However, inclusive leaders have a positive impact for both women and parents. When managers recognized and supported the unique challenges of these people during the pandemic, it mitigated the negative impacts. When it comes to well-being, feeling supported at work has been linked to a 17% increase in women’s actual well-being since the start of the pandemic and a 28% increase for parents.
4. Different working arrangements have different advantages
Eatough also said that “more and more employees now prefer a hybrid work environment or the ability to work remotely. The way your managers lead these new hybrid teams has a direct impact on organizational performance,” employee intention to stay, general well-being, and more “. In the short term (two weeks or less), the impacts of changes in work arrangements are generally insignificant. But in the long term (six months or more), there are noticeable impacts on productivity, resilience and well-being under different working conditions. Working entirely remotely brings small benefits in terms of productivity, resilience and well-being. Working full-time in the office tends to offer a noticeable benefit for resilience – a skill that helps people bounce back from setbacks. But hybrid work (part-time remote, part-time in the office) has a disproportionate impact on well-being. Hybrid work appears to offer a distinct wellness benefit for employees.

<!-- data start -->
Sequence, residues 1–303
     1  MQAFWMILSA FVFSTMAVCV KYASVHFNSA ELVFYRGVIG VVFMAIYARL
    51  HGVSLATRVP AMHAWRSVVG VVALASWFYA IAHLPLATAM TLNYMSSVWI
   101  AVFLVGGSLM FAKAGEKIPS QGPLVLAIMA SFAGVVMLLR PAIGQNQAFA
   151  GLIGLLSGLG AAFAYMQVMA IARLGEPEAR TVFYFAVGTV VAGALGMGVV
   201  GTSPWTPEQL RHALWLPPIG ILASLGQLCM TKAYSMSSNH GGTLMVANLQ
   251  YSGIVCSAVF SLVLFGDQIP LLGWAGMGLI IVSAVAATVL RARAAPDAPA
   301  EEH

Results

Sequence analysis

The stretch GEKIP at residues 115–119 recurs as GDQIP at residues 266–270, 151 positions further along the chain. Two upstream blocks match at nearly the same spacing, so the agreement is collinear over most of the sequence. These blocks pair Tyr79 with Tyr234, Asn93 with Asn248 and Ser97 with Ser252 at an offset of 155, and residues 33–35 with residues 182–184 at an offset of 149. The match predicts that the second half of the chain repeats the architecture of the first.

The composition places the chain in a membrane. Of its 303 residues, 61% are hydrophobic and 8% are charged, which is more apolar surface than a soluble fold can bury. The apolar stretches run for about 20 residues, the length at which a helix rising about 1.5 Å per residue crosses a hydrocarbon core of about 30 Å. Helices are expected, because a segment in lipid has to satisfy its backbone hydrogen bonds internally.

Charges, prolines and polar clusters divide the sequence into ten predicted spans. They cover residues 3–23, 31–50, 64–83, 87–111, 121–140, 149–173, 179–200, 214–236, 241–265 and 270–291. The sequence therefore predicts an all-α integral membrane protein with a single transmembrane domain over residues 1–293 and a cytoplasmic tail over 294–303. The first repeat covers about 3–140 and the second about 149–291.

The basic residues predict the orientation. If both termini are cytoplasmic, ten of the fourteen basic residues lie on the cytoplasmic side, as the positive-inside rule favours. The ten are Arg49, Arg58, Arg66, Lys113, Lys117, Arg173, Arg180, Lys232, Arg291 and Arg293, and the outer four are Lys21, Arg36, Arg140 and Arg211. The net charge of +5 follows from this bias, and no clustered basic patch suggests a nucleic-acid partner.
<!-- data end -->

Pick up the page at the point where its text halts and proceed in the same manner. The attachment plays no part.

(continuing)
But the transition to new working methods also has its challenges. Hybrid workers have differentially high coaching rates around strategically managing and leading others, while remote shifts are associated with a higher rate of emphasis on career development than others. shifts, signaling that professional concerns are rising to the fore for those who switch to working entirely remotely.
As the âbig resignationâ is in full swing, employees are gaining the upper hand and their expectations have changed dramatically. As a result, organizations must commit to investing in helping their frontline managers relearn the skills that will enable them to meet the new unique needs of their teams. Different populations face unique challenges, as do those adapting to new forms and methods of working. To navigate this new world of work, organizations need a new kind of inclusive leadership that amplifies sensitivity to these new needs.